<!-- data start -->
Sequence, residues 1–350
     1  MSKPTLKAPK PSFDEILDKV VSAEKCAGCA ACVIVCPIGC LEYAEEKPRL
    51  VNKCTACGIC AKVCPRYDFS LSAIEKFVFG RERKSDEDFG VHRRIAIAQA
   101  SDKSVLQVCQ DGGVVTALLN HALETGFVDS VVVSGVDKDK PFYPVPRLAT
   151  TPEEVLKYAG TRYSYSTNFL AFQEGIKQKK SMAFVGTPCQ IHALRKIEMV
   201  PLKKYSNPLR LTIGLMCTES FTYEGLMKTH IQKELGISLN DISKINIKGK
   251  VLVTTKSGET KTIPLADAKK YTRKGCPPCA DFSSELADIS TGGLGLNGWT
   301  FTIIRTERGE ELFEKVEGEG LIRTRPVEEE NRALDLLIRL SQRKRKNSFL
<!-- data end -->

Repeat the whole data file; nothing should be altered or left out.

Sequence, residues 1–350
     1  MSKPTLKAPK PSFDEILDKV VSAEKCAGCA ACVIVCPIGC LEYAEEKPRL
    51  VNKCTACGIC AKVCPRYDFS LSAIEKFVFG RERKSDEDFG VHRRIAIAQA
   101  SDKSVLQVCQ DGGVVTALLN HALETGFVDS VVVSGVDKDK PFYPVPRLAT
   151  TPEEVLKYAG TRYSYSTNFL AFQEGIKQKK SMAFVGTPCQ IHALRKIEMV
   201  PLKKYSNPLR LTIGLMCTES FTYEGLMKTH IQKELGISLN DISKINIKGK
   251  VLVTTKSGET KTIPLADAKK YTRKGCPPCA DFSSELADIS TGGLGLNGWT
   301  FTIIRTERGE ELFEKVEGEG LIRTRPVEEE NRALDLLIRL SQRKRKNSFL